A stereoscope is a device for viewing a stereoscopic pair of separate images, depicting left-eye and right-eye views of the same scene, as a single three-dimensional image. A typical stereoscope provides each eye with a lens that makes the image seen through it appear larger and more distant and also shifts its apparent horizontal position, so that for a person with normal binocular depth perception the edges of the two images fuse into one "stereo window". In current practice, the images are prepared so that the scene appears to be beyond this virtual window, through which objects are sometimes allowed to protrude, but this was not always the custom. A divider or other view-limiting feature is provided to prevent each eye from being distracted by seeing the image intended for the other eye. Most people can, with practice and some effort, view stereoscopic image pairs in 3D without the aid of a stereoscope, but the physiological depth cues resulting from the unnatural combination of eye convergence and focus required will be unlike those experienced when viewing the scene in reality, making an accurate simulation of the natural viewing experience impossible and tending to cause eye strain and fatigue.
Although more recent devices such as Realist-format 3D slide viewers and the View-Master are stereoscopes, the word is now most associated with viewers designed for the standard-format stereo cards that enjoyed several waves of popularity from the 1850s to the 1930s as a home entertainment medium. Devices such as polarized and shutter glasses which are used to view two superimposed or intermingled images, rather than two physically separate images, are not categorized as stereoscopes; the earliest type of stereoscope was invented by Sir Charles Wheatstone in 1838. It used a pair of mirrors at 45 degree angles to the user's eyes, each reflecting a picture located off to the side, it demonstrated the importance of binocular depth perception by showing that when two pictures simulating left-eye and right-eye views of the same object are presented so that each eye sees only the image designed for it, but in the same location, the brain will fuse the two and accept them as a view of one solid three-dimensional object.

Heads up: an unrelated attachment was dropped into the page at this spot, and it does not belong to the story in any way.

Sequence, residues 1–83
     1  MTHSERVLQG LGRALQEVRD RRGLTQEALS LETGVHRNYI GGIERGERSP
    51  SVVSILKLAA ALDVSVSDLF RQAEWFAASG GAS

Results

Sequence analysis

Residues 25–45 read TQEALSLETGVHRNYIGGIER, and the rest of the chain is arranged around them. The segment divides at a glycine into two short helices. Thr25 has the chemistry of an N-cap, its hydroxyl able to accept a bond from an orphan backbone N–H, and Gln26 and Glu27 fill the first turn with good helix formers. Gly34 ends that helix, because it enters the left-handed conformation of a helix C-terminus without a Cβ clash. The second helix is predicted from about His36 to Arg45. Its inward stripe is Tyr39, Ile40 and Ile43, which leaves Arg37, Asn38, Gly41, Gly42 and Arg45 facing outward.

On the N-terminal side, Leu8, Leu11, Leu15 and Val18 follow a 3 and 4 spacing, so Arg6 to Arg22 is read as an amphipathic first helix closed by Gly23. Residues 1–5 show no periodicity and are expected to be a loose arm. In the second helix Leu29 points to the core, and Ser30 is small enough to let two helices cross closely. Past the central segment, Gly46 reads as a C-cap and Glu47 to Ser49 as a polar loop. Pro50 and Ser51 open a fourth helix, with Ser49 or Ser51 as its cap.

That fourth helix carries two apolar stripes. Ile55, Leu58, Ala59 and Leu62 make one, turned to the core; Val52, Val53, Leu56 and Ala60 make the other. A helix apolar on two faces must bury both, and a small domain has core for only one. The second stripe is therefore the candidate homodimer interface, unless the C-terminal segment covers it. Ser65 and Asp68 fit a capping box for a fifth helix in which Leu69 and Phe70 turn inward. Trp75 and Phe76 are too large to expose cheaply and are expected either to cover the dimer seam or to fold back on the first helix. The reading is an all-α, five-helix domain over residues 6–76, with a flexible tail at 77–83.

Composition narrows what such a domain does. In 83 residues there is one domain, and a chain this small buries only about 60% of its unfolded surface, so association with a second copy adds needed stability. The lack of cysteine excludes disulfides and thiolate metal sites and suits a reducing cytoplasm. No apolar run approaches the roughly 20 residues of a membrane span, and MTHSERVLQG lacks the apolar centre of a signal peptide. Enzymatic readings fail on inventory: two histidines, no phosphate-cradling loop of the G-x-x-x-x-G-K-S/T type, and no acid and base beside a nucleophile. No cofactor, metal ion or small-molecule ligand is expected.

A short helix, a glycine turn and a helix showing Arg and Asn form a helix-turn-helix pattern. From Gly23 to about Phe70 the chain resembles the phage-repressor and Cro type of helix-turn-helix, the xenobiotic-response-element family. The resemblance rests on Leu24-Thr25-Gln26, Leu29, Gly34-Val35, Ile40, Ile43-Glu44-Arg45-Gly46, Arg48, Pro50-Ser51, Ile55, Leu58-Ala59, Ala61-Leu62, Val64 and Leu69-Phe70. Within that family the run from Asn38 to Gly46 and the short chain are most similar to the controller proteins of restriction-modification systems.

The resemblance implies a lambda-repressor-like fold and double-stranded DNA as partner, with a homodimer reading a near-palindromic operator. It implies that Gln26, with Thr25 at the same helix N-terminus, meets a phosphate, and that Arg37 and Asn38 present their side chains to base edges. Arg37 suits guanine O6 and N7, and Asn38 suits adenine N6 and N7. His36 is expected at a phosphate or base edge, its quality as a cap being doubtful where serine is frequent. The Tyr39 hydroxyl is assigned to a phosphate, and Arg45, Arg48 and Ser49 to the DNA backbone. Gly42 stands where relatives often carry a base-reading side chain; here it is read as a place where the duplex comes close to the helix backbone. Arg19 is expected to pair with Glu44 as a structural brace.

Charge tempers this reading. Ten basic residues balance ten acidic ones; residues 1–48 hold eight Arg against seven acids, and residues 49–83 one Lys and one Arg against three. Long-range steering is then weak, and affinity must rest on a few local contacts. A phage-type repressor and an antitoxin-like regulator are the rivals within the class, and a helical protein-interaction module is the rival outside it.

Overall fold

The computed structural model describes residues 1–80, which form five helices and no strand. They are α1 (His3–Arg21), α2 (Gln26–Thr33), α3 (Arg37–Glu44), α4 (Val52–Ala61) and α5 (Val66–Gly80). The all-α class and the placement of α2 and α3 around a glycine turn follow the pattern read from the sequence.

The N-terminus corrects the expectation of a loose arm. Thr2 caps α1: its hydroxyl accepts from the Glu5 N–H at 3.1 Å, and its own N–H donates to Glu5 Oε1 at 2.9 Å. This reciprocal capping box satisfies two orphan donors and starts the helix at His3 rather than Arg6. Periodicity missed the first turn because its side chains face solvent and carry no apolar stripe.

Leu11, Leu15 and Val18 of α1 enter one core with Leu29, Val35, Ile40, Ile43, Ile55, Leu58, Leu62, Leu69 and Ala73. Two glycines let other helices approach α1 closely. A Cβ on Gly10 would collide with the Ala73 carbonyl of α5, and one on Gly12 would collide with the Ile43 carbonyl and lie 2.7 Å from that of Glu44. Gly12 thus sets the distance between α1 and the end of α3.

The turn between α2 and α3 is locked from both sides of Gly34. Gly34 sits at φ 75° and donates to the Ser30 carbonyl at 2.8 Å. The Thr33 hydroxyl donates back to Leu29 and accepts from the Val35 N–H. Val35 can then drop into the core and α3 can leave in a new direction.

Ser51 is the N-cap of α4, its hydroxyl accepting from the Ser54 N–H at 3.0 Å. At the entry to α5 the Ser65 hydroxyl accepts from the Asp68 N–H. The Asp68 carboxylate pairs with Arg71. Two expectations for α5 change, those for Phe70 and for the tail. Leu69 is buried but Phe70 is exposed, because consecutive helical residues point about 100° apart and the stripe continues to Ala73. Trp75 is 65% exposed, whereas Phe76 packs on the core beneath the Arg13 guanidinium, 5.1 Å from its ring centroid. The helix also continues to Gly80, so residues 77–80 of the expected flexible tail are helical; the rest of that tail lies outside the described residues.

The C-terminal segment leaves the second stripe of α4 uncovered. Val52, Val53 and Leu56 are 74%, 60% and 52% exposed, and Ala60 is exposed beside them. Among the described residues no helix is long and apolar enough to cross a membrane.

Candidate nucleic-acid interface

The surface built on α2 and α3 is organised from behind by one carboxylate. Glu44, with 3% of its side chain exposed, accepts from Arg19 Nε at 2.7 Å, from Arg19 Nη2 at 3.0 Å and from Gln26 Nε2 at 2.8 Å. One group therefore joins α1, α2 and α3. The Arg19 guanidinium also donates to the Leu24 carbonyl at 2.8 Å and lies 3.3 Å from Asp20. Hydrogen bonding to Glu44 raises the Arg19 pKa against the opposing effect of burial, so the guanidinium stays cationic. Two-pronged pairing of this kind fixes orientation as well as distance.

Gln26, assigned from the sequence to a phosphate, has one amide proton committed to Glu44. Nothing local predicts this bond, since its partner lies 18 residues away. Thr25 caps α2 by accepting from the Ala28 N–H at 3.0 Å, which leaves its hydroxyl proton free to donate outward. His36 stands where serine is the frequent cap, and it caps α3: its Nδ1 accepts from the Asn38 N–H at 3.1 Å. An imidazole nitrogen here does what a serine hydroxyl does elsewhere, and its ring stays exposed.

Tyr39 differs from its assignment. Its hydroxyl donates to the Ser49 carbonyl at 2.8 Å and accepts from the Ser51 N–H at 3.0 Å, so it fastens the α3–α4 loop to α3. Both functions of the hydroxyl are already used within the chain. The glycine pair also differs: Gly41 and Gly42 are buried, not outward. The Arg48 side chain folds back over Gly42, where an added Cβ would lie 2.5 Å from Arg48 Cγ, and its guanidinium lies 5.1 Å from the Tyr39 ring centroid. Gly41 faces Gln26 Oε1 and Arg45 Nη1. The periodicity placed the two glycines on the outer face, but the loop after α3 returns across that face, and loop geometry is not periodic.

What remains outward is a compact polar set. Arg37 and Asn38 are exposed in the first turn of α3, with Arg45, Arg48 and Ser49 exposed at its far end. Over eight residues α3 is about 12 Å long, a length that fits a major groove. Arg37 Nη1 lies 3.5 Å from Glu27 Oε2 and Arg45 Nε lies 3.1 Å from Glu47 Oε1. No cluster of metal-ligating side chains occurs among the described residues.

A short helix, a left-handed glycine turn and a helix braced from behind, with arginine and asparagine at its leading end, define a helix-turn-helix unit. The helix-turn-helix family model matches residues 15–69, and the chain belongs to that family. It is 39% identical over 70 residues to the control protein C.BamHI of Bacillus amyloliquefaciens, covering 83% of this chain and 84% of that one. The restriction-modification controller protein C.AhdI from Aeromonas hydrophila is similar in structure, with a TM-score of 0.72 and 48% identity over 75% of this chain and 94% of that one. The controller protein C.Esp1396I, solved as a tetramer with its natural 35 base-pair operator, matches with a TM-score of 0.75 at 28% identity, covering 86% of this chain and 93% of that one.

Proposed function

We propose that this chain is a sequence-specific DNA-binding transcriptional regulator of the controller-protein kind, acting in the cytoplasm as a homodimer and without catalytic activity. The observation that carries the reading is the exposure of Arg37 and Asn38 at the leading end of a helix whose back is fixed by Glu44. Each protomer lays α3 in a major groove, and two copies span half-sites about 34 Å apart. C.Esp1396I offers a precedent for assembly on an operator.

Wheatstone's stereoscope was introduced in the year before the first practical photographic process became available, so drawings were used. This type of stereoscope has the advantage that the two pictures can be large if desired. Contrary to a common assertion, David Brewster did not invent the stereoscope, as he himself was at pains to make clear. A rival of Wheatstone, Brewster credited the invention of the device to a Mr. Elliot, a "Teacher of Mathematics" from Edinburgh, according to Brewster, conceived of the idea as early as 1823 and, in 1839, constructed "a simple stereoscope without lenses or mirrors", consisting of a wooden box 18 inches long, 7 inches wide and 4 inches high, used to view drawn landscape transparencies, since photography had yet to be invented. Brewster's personal contribution was the suggestion to use lenses for uniting the dissimilar pictures in 1849; this allowed a reduction in size, creating hand-held devices, which became known as Brewster Stereoscopes, much admired by Queen Victoria when they were demonstrated at the Great Exhibition of 1851.